How does the idea fit within the larger ecosystem that surrounds it? Urgent needs are usually a symptom of a larger issue that rests within multiple interrelated symptoms - share what you know about the context surrounding the problem you are aiming to solve. (500 characters)

Our partner communities tell us that NGOs operating in Sierra Leone post-civil war and post-Ebola frequently neglected local communities’ involvement in the decision making that significantly affected their lives. While well intentioned, many of these projects demanded broad reach and quick results, emphasizing surface-level gains over sustainability. Further, there have been few opportunities for rural people to engage productively with local government, perpetuating mistrust and disconnect.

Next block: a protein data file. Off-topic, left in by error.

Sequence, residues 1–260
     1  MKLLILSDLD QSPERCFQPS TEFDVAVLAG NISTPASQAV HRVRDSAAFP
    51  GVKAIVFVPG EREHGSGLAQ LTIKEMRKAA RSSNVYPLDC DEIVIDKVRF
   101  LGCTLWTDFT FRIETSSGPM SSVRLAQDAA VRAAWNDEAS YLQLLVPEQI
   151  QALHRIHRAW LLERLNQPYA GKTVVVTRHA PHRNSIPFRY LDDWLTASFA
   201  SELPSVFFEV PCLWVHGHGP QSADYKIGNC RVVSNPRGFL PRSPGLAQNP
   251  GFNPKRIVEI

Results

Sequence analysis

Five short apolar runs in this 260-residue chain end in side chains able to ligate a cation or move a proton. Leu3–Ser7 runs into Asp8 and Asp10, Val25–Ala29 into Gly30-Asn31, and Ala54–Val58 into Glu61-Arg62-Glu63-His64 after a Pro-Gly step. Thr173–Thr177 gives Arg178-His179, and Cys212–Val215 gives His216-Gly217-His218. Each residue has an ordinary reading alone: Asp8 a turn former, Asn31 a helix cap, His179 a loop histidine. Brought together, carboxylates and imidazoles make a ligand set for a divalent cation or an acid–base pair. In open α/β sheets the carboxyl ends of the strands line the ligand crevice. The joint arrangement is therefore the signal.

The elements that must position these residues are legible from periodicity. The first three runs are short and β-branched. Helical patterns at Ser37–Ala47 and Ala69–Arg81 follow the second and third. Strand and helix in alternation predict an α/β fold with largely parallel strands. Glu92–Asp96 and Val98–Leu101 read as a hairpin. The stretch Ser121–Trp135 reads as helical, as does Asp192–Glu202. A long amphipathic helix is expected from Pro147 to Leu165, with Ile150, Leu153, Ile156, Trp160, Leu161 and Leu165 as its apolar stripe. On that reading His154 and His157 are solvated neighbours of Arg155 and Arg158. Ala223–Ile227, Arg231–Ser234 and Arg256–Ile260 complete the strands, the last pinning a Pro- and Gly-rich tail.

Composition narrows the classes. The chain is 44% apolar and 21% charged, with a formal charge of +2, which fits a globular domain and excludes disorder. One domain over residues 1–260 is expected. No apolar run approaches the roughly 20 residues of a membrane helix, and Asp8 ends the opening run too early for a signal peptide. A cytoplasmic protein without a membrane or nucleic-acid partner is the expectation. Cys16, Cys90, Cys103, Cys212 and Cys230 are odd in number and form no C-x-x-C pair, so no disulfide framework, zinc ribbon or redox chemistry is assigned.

How does the idea affect or change the fundamental nature of the larger ecosystem that surrounds it (as described above) in a new and/or far-reaching way? (500 characters)

1) Local leaders can define problems and roll out solutions, and – perhaps most importantly – monitor and sustain the results. By activating leadership, social cohesion, gender equity, and resilience, communities can thrive with less external support, and produce evidence supporting a community-led approach to poverty-reduction.
  
2) Village leadership and local government can interact more effectively, leading to more responsive, action-oriented, and inclusive leadership.

What will be different within the target community as a result of implementing the idea? What is the scope and scale of that difference? How long will it take to see that difference and how will it be sustained beyond BridgeBuilder support? (500 characters)

In the short-term, a cohort of proven leaders will build off of one another’s expertise while identifying root problems and executing bold, inclusive development projects that meet basic needs. These leaders will be strengthened by their connections to one another and targeted leadership development.